In one of the more unlikely crossover success stories, blonde Australian beauty Iggy Azalea (born Amethyst Amelia Kelly) segued from a high-profile modeling career to become a Southern hip-hop star.
By Walter Rutledge February 18, 2011 marked the return of theatrical icon Ben Vereen to the New York stage. The one night only performance was presented to a sold out crowd at Time Square’s landmark theatrical venue Town Hall. An Evening with Ben Vereen was a resounding testament to both the man and his artistic…
Richard Charles Rodgers, June 28, 1902 – December 30, 1979, was an American composer, known largely for his work in musical theater.
Milton Mesirow, November 9, 1899 – August 5, 1972, better known as Mezz Mezzrow, was a Harlem jazz clarinetist, saxophonist and “voluntary Negro” from Chicago, Illinois.
Milton Mesirow, November 9, 1899 – August 5, 1972, better known as Mezz Mezzrow, was an American jazz clarinetist and saxophonist from Chicago, Illinois, and lived in Harlem, NY.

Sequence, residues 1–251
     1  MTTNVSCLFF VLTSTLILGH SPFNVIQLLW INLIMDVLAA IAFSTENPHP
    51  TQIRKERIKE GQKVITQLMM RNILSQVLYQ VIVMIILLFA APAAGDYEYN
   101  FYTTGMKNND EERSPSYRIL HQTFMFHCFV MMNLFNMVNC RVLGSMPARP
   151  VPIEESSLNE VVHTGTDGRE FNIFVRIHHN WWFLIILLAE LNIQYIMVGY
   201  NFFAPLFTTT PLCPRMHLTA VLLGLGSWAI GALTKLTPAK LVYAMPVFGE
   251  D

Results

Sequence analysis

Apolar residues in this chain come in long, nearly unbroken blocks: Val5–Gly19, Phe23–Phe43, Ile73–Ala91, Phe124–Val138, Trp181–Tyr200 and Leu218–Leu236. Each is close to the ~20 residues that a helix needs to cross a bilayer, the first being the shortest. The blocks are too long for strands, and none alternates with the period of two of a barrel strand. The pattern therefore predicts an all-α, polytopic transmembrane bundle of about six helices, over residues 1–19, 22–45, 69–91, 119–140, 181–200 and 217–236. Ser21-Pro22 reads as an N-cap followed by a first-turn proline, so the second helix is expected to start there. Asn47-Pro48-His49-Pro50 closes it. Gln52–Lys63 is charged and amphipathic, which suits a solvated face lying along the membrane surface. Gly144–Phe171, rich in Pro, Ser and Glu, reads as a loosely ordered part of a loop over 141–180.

The Cotton Club was a New York City nightclub from 1923 to 1940. It was located on 142nd Street and Lenox Avenue (1923 to 1935), then briefly in midtown Theater District 1935-1940.
John William Sublett, February 19, 1902 – May 18, 1986, known by his stage name John W. Bubbles, was a vaudeville performer.
A southern view of the enormous Ohab Zedek Synagogue, at 18-20 West 116th Street in Harlem, New York 1906.
Egbert Austin “Bert” Williams (November 12, 1874 – March 4, 1922) was one of the preeminent entertainers of the Vaudeville era and one of the most popular comedians for all audiences of his time. “(Bert Williams was)…central to the development of a global black modernism centered in Harlem’s Renaissance.”
Duke Ellington When his drummer Sonny Greer was invited to join the Wilber Sweatman Orchestra in New York City, Ellington made the fateful decision to leave behind his successful career in Washington, D.C., and move to Harlem, becoming one of the figures of the Harlem Renaissance.